The Puigcerdà family has been trading salt to the eastern Mediterranean since the
sixteenth century through our Jewish connections in Livorno, as well as to the Venetians through the Greek Vergis family from Corfu.1 Indeed, these trade connections have proved quite profitable for our family; and in the case of our Greek partners, have led a number of individuals from our family to travel with the Vergis merchant family to the east. However, the raiding and taking of ships on the sea has caused some complications in recent years. For example, in 1600, while traveling with members of the Vergis family on the Ionian Sea, a young man from the Puigcerdà family became entangled in legal disputes when the Knights of Malta seized the ship he was aboard. Despite the fact that both the Vergis family and the Puigcerdà man pleaded for fair treatment because of their Christian faith and connections to the Venetians, the Maltese claimed that there was no indicator that the ship belonged to Venice. Thankfully, being subjects of Venice, the Vergis family was able to get the republic to impose a sequestro on the Maltese; ultimately forcing them to compensate the Vergis family for their losses.2 If it was not for the Vergis family’s claims to Venice, the Puigcerdà family too may have lost a great deal of profit from this ordeal with the Maltese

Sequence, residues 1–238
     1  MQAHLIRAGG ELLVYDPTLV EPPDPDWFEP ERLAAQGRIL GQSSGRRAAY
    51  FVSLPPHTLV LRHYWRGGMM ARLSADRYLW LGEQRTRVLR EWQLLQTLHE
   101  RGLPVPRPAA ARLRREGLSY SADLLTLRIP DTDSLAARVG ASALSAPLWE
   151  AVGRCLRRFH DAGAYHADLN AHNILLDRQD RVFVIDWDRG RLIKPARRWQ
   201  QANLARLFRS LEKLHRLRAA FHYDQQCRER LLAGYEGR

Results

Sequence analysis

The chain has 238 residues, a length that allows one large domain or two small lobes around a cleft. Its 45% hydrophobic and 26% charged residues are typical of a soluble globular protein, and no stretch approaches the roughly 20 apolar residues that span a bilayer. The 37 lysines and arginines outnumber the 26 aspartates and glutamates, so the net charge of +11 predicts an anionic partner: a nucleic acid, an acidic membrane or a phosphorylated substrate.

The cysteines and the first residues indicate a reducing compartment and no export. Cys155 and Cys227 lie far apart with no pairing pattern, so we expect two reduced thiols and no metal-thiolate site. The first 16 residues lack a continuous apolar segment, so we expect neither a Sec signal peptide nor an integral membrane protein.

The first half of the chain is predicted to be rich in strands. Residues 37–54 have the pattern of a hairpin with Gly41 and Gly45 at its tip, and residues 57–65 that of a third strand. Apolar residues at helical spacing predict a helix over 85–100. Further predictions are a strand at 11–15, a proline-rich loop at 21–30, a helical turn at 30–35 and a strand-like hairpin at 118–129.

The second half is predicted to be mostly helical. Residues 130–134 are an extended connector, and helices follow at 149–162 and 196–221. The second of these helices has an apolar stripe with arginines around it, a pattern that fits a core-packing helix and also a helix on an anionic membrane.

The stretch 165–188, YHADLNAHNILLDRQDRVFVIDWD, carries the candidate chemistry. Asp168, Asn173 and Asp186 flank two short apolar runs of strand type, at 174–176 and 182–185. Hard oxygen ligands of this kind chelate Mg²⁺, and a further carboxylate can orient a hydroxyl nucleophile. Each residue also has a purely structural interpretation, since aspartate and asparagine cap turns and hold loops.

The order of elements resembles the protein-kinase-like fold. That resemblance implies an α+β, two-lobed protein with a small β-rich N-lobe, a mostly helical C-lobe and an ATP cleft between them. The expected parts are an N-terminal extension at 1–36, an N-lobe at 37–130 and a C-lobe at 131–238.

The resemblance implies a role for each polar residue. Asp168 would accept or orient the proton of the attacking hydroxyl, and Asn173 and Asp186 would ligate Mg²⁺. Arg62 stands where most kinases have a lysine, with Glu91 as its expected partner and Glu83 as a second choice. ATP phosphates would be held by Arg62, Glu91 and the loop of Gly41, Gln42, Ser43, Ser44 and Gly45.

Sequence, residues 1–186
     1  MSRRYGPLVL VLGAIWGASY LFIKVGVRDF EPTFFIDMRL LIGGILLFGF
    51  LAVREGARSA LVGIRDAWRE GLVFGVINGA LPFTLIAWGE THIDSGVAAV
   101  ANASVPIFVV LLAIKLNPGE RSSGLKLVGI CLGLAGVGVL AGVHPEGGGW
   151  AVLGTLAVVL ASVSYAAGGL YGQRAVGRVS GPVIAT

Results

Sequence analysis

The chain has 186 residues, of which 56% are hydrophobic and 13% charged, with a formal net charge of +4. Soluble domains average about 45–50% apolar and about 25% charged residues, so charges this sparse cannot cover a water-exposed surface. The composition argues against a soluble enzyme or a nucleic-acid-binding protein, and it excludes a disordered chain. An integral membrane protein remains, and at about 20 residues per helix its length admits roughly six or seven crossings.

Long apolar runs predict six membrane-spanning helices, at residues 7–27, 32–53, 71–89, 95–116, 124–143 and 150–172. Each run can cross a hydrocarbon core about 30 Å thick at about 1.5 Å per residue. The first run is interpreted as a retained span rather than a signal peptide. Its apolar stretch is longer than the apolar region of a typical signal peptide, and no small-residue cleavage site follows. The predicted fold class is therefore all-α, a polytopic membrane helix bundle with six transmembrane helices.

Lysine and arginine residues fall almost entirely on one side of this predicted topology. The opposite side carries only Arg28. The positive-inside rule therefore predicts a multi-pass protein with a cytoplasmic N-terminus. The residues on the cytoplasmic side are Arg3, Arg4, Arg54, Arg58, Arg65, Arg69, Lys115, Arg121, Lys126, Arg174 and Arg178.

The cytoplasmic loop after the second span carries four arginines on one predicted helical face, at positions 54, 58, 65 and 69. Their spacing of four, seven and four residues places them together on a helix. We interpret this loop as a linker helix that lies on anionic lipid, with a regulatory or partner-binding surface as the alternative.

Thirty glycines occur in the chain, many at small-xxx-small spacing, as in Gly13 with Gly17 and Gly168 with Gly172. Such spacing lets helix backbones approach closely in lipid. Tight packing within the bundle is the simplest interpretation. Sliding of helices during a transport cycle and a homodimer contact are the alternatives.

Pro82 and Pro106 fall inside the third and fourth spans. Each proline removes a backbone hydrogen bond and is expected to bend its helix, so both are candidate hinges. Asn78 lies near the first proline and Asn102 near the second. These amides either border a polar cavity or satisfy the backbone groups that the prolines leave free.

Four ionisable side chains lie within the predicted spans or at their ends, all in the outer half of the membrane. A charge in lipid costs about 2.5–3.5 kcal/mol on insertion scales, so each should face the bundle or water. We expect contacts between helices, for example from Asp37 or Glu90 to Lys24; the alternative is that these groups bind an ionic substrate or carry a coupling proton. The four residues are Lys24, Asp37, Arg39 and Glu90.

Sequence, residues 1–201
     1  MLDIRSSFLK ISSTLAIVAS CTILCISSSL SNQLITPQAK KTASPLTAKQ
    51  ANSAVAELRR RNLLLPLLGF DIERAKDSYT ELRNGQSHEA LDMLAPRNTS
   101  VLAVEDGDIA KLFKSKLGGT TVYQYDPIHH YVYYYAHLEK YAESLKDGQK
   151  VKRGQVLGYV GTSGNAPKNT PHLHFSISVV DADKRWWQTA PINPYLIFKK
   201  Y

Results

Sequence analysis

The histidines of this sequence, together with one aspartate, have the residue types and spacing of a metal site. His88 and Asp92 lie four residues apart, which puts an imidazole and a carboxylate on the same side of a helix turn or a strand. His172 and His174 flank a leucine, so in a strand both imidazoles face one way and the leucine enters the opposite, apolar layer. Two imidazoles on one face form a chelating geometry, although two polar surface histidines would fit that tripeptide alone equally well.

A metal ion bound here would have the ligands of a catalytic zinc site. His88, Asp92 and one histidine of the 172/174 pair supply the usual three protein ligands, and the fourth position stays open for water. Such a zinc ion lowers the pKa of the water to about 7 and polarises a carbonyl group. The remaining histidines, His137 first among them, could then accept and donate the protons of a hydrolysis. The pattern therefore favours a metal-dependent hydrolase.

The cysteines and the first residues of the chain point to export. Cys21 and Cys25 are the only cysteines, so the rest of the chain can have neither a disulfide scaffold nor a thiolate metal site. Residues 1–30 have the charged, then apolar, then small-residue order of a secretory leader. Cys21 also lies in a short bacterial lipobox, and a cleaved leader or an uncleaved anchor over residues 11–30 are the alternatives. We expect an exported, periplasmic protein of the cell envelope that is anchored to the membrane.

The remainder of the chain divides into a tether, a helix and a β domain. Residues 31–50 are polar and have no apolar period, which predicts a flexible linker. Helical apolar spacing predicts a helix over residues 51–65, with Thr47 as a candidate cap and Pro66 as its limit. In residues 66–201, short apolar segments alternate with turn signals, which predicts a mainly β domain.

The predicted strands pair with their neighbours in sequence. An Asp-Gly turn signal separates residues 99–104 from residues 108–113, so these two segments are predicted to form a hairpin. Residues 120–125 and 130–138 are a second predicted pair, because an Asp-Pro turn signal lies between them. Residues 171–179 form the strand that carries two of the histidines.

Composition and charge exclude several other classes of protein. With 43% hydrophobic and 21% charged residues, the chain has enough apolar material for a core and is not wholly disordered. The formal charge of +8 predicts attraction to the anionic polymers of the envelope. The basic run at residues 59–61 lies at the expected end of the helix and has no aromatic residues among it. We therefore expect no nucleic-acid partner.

1 Molly Greene, Catholic Pirates and Greek Merchants: A Maritime History of the Mediterranean (New Jersey: Princeton University Press, 2010), 38.
2 Greene, 65-66.